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Accuracy • Independence • Integrity

August 17, 2017   |   Ithaca, NY

Accent

Statham refines bad boy reputation

After starring in 2002’s “The Transporter,” Jason Statham has earned a “tough guy” reputation. But in “The Mechanic,” Statham proves he is more than a one-trick pony in his dramatic performance as Arthur Bishop, a hit man who lives to kill.

Set in the post-Katrina city of New Orleans, Tony Goldwyn plays Dean, a corporate executive whose clerical persona is a dark and convincing lie. He is really the leader of a global network of assassins, and Bishop happens to be his most trusted killer for hire. But their business relationship sours when Bishop’s mentor, Harry McKenna (Donald Sutherland), ends up on Dean’s hit list.

Lewis John Carlino, who penned the original film script for the 1972 “Mechanic,” revamps the movie for the current generation. Despite the success of the first film and the modern twists in the remake, Carlino and Richard Wenk’s screenplay will leave a bad taste in audiences’ mouths. The location of the action doesn’t provide the same epic feel as a city like Los Angeles. Even fights in notable New Orleans landmarks, rather than random buildings, would’ve stimulated more interest and been more telling to the audience. Carlino and Wenk do manage to avoid cheesy one-liners present in action films like “Crank 2: High
Voltage,” also starring Statham, and opt for timely dialogue instead.

The film’s three-act structure is problematic because of its episodic feel. Instead of each scene building onto the next, every section feels like a stand-alone film. Though similar locations and characters occasionally pass onto the next scene, the cohesiveness ends there. Thankfully, Eric Schmidt’s evocative cinematography minimizes the abrupt scene changes.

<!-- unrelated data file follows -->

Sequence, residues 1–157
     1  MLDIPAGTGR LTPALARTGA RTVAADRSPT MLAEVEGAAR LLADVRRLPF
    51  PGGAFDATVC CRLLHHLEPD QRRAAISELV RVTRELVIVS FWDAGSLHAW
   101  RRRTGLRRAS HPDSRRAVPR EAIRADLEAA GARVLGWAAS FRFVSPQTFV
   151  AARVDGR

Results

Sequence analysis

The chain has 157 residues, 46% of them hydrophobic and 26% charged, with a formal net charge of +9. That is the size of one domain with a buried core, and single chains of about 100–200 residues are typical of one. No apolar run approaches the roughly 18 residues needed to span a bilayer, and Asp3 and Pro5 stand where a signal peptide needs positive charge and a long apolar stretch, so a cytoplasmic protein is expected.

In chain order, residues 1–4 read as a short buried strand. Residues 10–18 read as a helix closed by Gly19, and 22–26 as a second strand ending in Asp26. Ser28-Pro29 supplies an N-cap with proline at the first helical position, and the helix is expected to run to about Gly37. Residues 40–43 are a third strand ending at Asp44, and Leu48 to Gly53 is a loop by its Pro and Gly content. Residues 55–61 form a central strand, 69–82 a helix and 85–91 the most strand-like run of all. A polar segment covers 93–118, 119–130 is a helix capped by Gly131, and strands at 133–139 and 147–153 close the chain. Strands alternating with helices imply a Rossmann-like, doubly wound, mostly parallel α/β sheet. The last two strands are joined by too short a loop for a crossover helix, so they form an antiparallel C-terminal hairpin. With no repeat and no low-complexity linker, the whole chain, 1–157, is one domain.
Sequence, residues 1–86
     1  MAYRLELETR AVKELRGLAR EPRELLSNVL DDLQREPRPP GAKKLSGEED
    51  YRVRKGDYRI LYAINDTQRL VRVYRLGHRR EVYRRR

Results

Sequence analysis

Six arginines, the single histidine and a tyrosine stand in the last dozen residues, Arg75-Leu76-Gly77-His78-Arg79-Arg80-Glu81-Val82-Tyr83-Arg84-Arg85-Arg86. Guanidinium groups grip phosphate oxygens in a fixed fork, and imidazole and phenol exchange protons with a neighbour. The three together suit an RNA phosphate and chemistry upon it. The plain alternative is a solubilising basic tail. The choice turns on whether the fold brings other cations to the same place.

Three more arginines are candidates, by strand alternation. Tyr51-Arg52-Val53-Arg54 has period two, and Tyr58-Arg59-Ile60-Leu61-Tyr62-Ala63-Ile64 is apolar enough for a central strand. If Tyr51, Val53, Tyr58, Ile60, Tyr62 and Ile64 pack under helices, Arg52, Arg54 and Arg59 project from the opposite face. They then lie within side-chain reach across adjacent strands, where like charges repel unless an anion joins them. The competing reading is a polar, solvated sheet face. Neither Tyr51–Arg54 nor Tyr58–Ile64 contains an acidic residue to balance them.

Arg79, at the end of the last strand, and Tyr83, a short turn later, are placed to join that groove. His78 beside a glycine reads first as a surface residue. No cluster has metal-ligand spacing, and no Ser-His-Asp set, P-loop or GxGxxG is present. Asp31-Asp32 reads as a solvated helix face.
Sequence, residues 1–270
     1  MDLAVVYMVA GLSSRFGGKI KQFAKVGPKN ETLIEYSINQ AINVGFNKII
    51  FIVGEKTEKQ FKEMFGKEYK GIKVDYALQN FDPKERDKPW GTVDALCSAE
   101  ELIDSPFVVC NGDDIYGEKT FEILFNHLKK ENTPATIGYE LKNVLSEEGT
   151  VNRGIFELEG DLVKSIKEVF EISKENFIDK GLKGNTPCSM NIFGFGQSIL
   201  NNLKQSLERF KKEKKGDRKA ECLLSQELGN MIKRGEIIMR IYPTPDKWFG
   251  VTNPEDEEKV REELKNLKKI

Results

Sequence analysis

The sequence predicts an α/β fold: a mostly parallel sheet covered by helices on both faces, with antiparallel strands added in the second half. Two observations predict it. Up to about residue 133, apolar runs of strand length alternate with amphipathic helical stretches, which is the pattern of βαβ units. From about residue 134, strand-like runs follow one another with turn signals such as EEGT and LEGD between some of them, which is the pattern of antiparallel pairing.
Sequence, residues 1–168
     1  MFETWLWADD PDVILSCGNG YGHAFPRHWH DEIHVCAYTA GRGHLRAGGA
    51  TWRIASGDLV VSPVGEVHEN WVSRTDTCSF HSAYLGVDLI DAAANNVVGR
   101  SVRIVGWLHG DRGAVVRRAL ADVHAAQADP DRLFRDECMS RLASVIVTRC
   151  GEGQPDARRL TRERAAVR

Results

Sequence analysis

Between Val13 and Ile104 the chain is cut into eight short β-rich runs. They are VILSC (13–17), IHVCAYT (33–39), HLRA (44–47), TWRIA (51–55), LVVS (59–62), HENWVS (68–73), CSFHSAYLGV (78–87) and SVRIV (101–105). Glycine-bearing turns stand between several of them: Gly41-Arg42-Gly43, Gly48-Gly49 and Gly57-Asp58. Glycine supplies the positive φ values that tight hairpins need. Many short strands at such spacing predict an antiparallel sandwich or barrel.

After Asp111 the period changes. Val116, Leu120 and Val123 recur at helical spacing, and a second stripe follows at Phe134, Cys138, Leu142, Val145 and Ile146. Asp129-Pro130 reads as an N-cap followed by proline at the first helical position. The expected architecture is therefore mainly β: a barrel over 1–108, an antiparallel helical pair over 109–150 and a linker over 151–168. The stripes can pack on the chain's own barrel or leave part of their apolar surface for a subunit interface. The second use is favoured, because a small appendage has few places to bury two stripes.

Viewers will first notice the cinematography’s deep, saturated colors and lighting and appreciate its focus on little details. The film’s opening sequence takes place in a Colombian drug lord’s mansion where a masterful assassination attempt happens by the swimming pool with cool, dark, shimmery water that contrasts with the humid backdrop. Technically, the visual style is very aggressive, but the camera isn’t shaky or nauseating like in “The Bourne Ultimatum,” another hit-man flick. “The Mechanic” is fast-moving yet easy on the eyes.

Bishop’s emotionally vague aversion to the people he kills is similar to that of another cinematic assassin, James Bond. But despite their cold-blooded hearts, the two are immeasurably different. In a lot of ways, Bishop is the anti-007. Statham plays Bishop with a gruffness that Bond would never adapt. His no-nonsense, blue-collar mentality makes him more relatable than the GQ Bond.

The film also features a likeable cast whose strong presence makes up for the uneven screenplay. The actors’ exchanges are realistic despite completely exaggerated action scenes. Ben Foster, who plays Harry’s son, Steve McKenna, is Statham’s sidekick. Their on-screen chemistry is scintillating, but their fairly brief screen time together culminates too quickly with a fiery, explosion-filled extravaganza.

Though the script is about as smooth as a rusty nail, “The Mechanic” hangs on with great performances and well-thought-out stunts. Statham and Foster gel, and they successfully play off each other’s strengths. In the end “The Mechanic” is a bumpy, yet gripping ride.

“The Mechanic” was written by Lewis John Carlino and Richard Wenk and directed by Simon West.

3 out of 4 stars